This is not what we were expecting.

Every year, our reporter Ikuna Kamezawa purchases an Osechi Lucky Bag from a seafood store at online marketplace Rakuten. The deal with this bag is you pay 12,345 yen (US$85.35) for it, and in return you’ll get one of 50 different types of osechi, randomly chosen with the most expensive valued at 170,000 yen ($1,175.37).

▼ Some of the osechi on offer.

The cheapest osechi is valued at 14,800 yen, so either way you’re guaranteed to get more than your money’s worth in return, and when Ikuna bought hers in 2022, she received an osechi valued at 21,600 yen, and in 2023 she received one worth 21,000 yen.

However, this year, the osechi that arrived at her home on 31 December — osechi are lucky New Year’s meals designed to be eaten over the first three days of the year — it was her biggest one yet.

The box was enormous, and when she pulled out its contents, it barely fit into Ikea’s largest shopping bag, which was the only thing big enough to help her carry it all into the kitchen.

The first thing she pulled out was a set of ten chopsticks, which were the rounded type commonly used at New Year to help things go smoothly the year ahead.

And then, she pulled out the osechi itself, which was huge and beautifully well packed with auspicious motifs on the lid, including an image of a dragon, this year’s zodiac animal.

After checking out the website, Ikuna found that the osechi she’d received was the 6th most expensive of the 50 types. Named the Super Extra Large Single-Tier Funamori Fishing Boat, this osechi contained 62 items in total and was priced at 40,000 yen.

According to the site, this meal was designed to feed six to seven people, which was a bit overwhelming for Ikuna, who lives alone.  Still, this was her first time seeing such a luxurious New Year’s meal, and she was thrilled to receive it.

Osechi ryori is essentially a collection of dishes designed to last for a reasonable amount of time so it wasn’t impossible to think she might be able to finish it over a series of days. And given that the meal had been made under the supervision of Hiroto Hayashi, a famous chef who often appears on TV, she had no doubts over the quality.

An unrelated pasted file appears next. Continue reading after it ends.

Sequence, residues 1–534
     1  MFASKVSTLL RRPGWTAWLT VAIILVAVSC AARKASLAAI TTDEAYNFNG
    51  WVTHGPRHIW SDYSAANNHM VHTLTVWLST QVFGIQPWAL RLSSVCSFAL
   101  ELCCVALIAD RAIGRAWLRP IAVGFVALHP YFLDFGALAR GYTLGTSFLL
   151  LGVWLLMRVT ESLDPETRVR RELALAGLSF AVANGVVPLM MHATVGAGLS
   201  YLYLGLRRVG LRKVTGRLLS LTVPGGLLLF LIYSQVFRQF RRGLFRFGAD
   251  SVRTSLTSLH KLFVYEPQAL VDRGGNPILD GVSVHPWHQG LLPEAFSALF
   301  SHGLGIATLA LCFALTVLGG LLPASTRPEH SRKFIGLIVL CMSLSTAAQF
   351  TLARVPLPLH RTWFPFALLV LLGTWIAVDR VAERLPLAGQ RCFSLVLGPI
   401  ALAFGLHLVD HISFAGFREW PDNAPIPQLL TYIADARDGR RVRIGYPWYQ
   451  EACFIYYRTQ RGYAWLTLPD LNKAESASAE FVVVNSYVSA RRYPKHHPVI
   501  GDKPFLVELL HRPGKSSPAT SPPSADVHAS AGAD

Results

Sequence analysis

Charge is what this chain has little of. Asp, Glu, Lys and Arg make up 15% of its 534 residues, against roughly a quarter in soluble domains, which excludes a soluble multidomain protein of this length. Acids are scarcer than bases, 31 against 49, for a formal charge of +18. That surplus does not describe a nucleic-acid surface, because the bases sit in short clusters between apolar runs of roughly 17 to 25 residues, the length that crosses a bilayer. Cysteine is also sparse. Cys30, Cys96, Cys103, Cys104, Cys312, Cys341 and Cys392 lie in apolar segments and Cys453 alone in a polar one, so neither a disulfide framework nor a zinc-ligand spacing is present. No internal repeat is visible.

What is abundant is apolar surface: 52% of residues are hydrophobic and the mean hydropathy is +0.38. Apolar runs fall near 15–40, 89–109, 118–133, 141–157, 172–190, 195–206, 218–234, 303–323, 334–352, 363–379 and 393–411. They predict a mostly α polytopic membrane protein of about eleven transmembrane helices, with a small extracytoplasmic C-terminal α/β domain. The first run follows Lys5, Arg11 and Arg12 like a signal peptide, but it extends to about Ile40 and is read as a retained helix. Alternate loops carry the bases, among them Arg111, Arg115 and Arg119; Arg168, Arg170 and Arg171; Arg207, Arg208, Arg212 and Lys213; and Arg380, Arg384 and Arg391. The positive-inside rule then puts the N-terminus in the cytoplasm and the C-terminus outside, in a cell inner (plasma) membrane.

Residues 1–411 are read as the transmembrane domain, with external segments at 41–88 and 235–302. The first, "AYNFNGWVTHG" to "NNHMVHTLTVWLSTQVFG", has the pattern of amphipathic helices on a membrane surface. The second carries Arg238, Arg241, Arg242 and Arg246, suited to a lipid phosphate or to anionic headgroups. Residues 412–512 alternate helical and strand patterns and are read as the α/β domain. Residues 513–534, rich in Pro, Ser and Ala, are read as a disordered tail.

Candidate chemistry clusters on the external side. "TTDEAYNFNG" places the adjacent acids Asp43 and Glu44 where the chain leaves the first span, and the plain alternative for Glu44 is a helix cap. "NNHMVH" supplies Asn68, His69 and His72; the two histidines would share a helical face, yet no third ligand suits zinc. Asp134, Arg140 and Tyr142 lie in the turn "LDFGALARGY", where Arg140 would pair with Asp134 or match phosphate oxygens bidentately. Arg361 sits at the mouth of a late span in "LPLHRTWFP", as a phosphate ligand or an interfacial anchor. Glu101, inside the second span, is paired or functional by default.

The attention to detail was evident in every morsel, and the finer points of each dish were so extensive they took up an entire booklet.

There were too many items to list so Ikuna suggests feasting your eyes on the colourful array instead. Just this one corner of the tray contained roast beef, prawns, chestnuts, and a variety of fish, each with auspicious connotations designed to being good firtune

She couldn’t resist a little taste, starting with the datemaki rolled omelette, which was one of the best she’s ever had.

Then she tried one of the boiled black beans, which is Ikuna’s favourite osechi dish. However, these were unlike any she’d ever had before, as they tasted like…


Consulting the booklet, Ikuna’s taste buds had been right on the mark — apparently these beans are made according to an original recipe by Hayashi, which gives them a coffee flavour.

Personally, Ikuna would’ve preferred her beans plain, but she wasn’t about to complain, especially with so many other delicious-looking morsels in front of her.

▼ There were some Western-style dishes here too, including Cream Cheese with Nuts and Honey and Grilled Shrimp with Cream Cheese.

▼ This was worlds away from the humble osechi her grandmother would make at home.

Ikuna made a pretty good dent in the osechi on the very first day she received it, and in the end, she was able to polish off every item in this luxury meal within just a few days.

Now she’s already looking forward to purchasing the osechi again at the end of the year, and if she’s extra lucky she might just be able to received that elusive, top-tier 170,000-yen variety!

Photos © SoraNews24
● Want to hear about SoraNews24’s latest articles as soon as they’re published? Follow us on Facebook and Twitter!
[ Read in Japanese ]